Home > Publications . Search All . Browse All . Country . Browse PSC Pubs . PSC Report Series

PSC In The News

RSS Feed icon

Former trainee Herbert says residential squatters may be a good thing

Work by Couper, Farley et al. shows impact of racial composition on neighborhood choice

Thompson details killings and shaping of official narrative in 1971 Attica prison uprising

More News

Highlights

Michigan ranked #12 on Business Insider's list of 50 best American colleges

Frey's new report explores how the changing US electorate could shape the next 5 presidential elections, 2016 to 2032

U-M's Data Science Initiative offers expanded consulting services via CSCAR

Elizabeth Bruch promoted to Associate Professor

Next Brown Bag

PSC Brown Bags
will resume fall 2016

Obesity and Weight Gain Are Associated With Increased Incidence of Hyperinsulinemia in Non-Diabetic Men

Publication Abstract

Lakka, H.M., J.T. Salonen, J. Toumilehto, George A. Kaplan, and T.A. Lakka. 2002. "Obesity and Weight Gain Are Associated With Increased Incidence of Hyperinsulinemia in Non-Diabetic Men." Hormone and Metabolic Research, 34(9): 492-498.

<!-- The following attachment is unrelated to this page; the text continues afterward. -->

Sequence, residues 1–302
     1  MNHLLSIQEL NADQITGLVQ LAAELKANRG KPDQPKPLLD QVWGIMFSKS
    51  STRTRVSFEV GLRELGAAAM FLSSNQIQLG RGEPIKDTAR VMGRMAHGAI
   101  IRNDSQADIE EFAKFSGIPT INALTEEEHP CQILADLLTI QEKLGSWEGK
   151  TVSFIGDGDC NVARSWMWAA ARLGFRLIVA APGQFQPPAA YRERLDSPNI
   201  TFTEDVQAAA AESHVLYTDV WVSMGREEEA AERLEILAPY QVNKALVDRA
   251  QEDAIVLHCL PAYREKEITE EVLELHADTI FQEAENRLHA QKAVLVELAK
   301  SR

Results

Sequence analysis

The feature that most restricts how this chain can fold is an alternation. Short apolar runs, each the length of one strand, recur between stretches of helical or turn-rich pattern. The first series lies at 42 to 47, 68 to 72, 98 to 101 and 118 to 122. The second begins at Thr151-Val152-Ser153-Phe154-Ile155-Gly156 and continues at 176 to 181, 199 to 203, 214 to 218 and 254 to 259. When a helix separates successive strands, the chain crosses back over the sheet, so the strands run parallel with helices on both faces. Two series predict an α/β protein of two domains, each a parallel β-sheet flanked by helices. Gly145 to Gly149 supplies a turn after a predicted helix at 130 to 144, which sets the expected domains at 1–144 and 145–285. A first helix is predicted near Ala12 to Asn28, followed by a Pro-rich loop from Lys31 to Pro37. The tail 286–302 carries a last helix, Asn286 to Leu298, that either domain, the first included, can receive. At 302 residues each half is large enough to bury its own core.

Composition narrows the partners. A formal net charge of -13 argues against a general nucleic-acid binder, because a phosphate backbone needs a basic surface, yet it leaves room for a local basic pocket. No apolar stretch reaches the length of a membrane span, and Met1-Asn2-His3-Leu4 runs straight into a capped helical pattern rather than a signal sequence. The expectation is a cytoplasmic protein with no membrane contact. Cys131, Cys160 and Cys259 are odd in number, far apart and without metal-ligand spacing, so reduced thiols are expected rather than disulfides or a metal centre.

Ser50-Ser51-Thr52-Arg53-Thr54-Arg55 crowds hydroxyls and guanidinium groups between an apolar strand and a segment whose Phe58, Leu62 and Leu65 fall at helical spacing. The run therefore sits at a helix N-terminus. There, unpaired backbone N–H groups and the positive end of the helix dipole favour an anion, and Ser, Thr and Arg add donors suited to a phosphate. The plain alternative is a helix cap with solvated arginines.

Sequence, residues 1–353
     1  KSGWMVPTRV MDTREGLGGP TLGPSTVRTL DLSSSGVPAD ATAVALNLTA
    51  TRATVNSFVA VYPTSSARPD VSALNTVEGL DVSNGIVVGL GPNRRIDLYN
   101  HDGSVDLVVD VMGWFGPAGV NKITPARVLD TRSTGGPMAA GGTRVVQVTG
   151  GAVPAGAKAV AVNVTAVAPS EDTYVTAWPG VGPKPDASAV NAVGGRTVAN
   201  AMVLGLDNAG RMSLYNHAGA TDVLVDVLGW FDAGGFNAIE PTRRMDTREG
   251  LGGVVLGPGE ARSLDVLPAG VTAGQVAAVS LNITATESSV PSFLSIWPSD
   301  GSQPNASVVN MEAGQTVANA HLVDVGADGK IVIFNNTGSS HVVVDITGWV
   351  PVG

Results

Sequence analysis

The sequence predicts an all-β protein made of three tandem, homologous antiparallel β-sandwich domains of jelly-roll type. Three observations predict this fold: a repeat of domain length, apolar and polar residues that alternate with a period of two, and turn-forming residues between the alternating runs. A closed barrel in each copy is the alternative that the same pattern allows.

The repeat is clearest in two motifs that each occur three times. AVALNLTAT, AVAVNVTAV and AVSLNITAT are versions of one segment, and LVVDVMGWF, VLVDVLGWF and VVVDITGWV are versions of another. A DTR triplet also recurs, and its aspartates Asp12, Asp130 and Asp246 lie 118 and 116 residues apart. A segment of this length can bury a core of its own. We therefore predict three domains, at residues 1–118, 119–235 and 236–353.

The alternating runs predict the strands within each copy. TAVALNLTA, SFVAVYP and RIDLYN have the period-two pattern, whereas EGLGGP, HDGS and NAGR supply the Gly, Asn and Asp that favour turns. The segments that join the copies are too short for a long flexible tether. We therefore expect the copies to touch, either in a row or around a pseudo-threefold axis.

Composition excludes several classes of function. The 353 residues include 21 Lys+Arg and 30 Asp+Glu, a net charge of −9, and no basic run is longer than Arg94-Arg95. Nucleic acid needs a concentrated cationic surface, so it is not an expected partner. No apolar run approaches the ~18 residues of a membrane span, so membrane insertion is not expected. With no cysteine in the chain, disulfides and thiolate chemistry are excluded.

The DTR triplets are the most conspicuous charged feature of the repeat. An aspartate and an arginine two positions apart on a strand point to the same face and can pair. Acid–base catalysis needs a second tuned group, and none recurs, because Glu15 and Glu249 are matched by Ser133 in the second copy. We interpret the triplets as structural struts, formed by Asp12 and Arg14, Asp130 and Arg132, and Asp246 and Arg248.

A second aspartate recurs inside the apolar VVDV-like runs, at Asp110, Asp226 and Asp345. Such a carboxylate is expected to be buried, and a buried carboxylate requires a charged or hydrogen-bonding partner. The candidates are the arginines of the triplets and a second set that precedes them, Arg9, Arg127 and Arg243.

We investigated the temporal relationships between obesity, weight change and hyperinsulinemia in a population-based 4-year follow-up study of 695 middle-aged, non-diabetic, and normoinsulinemic men. Thirty-eight men developed hyperinsulinemia during the follow-up (fasting serum insulin greater than or equal to12.0 mU/l). In logistic regression analysis adjusting for other risk factors, men with body mass index of greater than or equal to 26.7 kg/m(2) (highest third) had a 6.6-fold (p = 0.001) risk of developing hyperinsulinemia, compared with men with body mass index of < 24.4 kg/m(2) (lowest third). Correspondingly, men with waist-to-hip ratio of greater than or equal to 0.95 (highest third) had a 3.5-fold (p = 0.028) incidence of hyperinsulinemia compared with men with waist-to-hip ratio of < 0.90 (lowest third). Weight gain in middle age and weight gain from the age of 20 years to middle age were also associated with increased risk of hyperinsulinemia. Hyperinsulinemia at baseline was not associated with weight gain during the follow-up. This prospective population-based study emphasizes the importance of avoiding obesity and weight gain during adulthood in preventing hyperinsulinemia.

Browse | Search : All Pubs | Next